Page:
What puzzles me is that there is a .so file for every library, even
those that should be static. Why is it there? What is it needed for?
You apparently are using someone else's make file. I wrote my own. My
build command does not create a ".so" (shared object library). It only
creates the ".a" (archive library). The linker knows how to use
See man ar. The utility ar builds archives.
See man ld. The utility ld can build shared objects.
You might look for these utility invocations in your build sequence, or
ask someone where they are and comment out the use of ld, as you most
likely do not need both (and building both will extend your build time
unnecessarily). Alternatively, you might temporarily rename the ld
command, and try your build. When it can not find the ld command, you
might get a useful hint as to where the ld is invoked.
In my make file, the commands look like the following. The comment char
is a # at beginning of line. (The string expansions $(AR) and $(LD) allow
the use of non-standard utilities.)
@echo R10: $(TARGET_ARCHIVE) :from: $(OBJ)
$(AR) crs $(TARGET_ARCHIVE) $(OBJ)
# $(TARGET_OLB) : $(OBJ)
# @echo R00: $(TARGET_OLB) :from: $(OBJ)
# $(LD) -o $(TARGET_OLB) -r $(OBJ)
The archive (.a), when used, is linked directly to and included in your
executable. When the executable is loaded, all the referenced symbols of
the .a are already in it. (un-referenced symbols and code are not linked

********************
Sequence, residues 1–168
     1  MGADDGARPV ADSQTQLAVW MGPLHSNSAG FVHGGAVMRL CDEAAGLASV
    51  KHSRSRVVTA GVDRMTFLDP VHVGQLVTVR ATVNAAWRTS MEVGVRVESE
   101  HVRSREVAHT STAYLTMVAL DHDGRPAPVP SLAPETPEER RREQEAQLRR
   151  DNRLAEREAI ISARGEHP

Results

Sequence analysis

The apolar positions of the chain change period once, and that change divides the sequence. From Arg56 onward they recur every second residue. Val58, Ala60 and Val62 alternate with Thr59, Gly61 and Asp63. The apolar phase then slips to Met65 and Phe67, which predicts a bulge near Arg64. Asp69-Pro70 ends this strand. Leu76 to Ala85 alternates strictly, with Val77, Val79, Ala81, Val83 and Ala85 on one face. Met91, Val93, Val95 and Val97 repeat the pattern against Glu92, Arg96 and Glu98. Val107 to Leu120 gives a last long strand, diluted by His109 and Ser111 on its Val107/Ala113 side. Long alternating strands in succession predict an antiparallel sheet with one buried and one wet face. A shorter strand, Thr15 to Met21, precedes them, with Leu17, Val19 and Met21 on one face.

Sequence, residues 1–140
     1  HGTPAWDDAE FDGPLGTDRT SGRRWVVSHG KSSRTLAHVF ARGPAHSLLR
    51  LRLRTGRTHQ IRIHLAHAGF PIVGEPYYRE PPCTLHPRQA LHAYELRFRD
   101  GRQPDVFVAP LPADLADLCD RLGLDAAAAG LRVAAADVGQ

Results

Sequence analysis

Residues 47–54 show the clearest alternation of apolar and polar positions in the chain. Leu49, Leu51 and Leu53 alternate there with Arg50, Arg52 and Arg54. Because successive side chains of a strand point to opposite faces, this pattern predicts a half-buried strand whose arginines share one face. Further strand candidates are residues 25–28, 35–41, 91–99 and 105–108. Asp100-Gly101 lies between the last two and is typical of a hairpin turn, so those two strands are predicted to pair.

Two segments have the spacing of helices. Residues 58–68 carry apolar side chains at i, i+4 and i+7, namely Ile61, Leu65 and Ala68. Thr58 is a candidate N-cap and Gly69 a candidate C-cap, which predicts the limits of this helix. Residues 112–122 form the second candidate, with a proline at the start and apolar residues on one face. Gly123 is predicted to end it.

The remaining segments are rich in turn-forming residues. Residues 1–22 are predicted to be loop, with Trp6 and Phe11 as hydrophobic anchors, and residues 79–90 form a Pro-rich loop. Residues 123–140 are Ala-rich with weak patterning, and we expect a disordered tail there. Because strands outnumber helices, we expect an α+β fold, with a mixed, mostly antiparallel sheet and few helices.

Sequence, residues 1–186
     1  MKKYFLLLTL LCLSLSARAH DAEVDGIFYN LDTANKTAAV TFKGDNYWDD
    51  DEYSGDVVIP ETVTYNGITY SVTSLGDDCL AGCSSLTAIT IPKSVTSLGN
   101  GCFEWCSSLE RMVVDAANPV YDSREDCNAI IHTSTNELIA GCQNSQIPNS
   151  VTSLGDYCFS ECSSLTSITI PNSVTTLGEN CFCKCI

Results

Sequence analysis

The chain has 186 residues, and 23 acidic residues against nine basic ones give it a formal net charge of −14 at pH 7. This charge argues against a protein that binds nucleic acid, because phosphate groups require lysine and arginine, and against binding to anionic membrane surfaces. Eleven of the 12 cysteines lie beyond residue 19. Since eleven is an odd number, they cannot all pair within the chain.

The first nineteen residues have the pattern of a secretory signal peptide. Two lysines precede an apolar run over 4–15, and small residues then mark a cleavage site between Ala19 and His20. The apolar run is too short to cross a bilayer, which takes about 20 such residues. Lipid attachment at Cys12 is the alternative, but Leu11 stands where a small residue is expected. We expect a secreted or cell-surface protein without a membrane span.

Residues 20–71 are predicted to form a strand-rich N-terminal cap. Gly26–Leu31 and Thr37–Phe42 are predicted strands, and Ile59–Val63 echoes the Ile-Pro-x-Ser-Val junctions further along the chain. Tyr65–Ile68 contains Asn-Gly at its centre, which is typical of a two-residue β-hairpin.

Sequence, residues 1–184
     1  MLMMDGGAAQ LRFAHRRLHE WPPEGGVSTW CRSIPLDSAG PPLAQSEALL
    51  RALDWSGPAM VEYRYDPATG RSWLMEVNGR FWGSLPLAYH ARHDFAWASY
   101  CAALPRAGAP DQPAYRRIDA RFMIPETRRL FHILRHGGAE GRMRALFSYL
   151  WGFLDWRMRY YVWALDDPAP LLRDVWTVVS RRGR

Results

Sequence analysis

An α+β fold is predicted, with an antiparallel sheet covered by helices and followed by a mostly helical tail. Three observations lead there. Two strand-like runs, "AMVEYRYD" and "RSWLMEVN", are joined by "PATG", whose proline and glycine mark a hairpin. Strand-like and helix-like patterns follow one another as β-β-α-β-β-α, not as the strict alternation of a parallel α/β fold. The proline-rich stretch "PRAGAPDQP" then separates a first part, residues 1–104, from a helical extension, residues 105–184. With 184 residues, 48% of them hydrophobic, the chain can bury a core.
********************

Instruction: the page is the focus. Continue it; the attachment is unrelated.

The shared object (.so) is not directly linked, but rather your
executable gets a handle (or perhaps a file name) to the .so. It is my
belief that when your executable is loaded, the .so is not immediately
loaded. The .so does not load until the first time your executable
references a symbol that is in the .so. At that loading, your app will
experience a delay, but probably this late loading is reasonable for most
It is also possible that the .so is already loaded in system memory
before you activated your process. In that case, when your executable
first references a symbol in the .so, some system code will 'map' the
existing in-memory .so to your application -- probably faster than loading
it, but I suppose the big benefit is that a .so that is used / referenced
by many processes need only be loaded once, saving memory space. The
loaded .so has all of its symbols, even if your app does not need all of
In either case, your executable will be smaller with .so's, bigger with
.a's, but the .so's have some small performance hit for each .so that needs
to be loaded or mapped in. With 4 GB in my desktop, the desktop has never
felt 'crowded'. It's swap has never been used (afaik). So I generally use
NOTE: When the linker has access to both an archive (.a) and a shared
object (.so) file, the linker will use the .so (and ignore the .a).
Probably you can override that preference, but I have not tried. I find it
easier to simply move the archive (.a) into a separate (from the .so's)
directory, and inform the linker via the -L build option.